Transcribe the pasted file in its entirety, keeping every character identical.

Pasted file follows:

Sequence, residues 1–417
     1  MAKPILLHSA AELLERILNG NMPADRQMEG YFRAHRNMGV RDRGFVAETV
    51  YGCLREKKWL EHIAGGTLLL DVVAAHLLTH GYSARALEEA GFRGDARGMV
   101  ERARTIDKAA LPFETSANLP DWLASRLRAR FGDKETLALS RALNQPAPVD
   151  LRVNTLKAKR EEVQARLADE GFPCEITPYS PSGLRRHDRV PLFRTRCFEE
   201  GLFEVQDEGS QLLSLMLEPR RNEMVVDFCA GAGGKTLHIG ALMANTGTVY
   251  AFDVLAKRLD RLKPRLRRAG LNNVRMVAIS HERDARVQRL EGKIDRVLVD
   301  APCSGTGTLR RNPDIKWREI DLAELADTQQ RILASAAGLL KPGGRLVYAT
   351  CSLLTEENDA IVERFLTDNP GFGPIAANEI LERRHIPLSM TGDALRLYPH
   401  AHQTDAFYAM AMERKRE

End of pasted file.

Sequence, residues 1–417
     1  MAKPILLHSA AELLERILNG NMPADRQMEG YFRAHRNMGV RDRGFVAETV
    51  YGCLREKKWL EHIAGGTLLL DVVAAHLLTH GYSARALEEA GFRGDARGMV
   101  ERARTIDKAA LPFETSANLP DWLASRLRAR FGDKETLALS RALNQPAPVD
   151  LRVNTLKAKR EEVQARLADE GFPCEITPYS PSGLRRHDRV PLFRTRCFEE
   201  GLFEVQDEGS QLLSLMLEPR RNEMVVDFCA GAGGKTLHIG ALMANTGTVY
   251  AFDVLAKRLD RLKPRLRRAG LNNVRMVAIS HERDARVQRL EGKIDRVLVD
   301  APCSGTGTLR RNPDIKWREI DLAELADTQQ RILASAAGLL KPGGRLVYAT
   351  CSLLTEENDA IVERFLTDNP GFGPIAANEI LERRHIPLSM TGDALRLYPH
   401  AHQTDAFYAM AMERKRE